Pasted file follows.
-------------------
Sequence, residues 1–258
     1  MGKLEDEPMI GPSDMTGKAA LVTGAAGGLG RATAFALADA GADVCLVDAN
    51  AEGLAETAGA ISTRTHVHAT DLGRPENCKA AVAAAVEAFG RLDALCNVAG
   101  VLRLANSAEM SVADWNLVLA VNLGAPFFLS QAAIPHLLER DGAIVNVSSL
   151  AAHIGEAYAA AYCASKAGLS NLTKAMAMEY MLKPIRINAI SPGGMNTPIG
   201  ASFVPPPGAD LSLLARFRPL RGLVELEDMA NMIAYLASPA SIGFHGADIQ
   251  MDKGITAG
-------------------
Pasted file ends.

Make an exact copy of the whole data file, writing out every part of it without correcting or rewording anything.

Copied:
Sequence, residues 1–258
     1  MGKLEDEPMI GPSDMTGKAA LVTGAAGGLG RATAFALADA GADVCLVDAN
    51  AEGLAETAGA ISTRTHVHAT DLGRPENCKA AVAAAVEAFG RLDALCNVAG
   101  VLRLANSAEM SVADWNLVLA VNLGAPFFLS QAAIPHLLER DGAIVNVSSL
   151  AAHIGEAYAA AYCASKAGLS NLTKAMAMEY MLKPIRINAI SPGGMNTPIG
   201  ASFVPPPGAD LSLLARFRPL RGLVELEDMA NMIAYLASPA SIGFHGADIQ
   251  MDKGITAG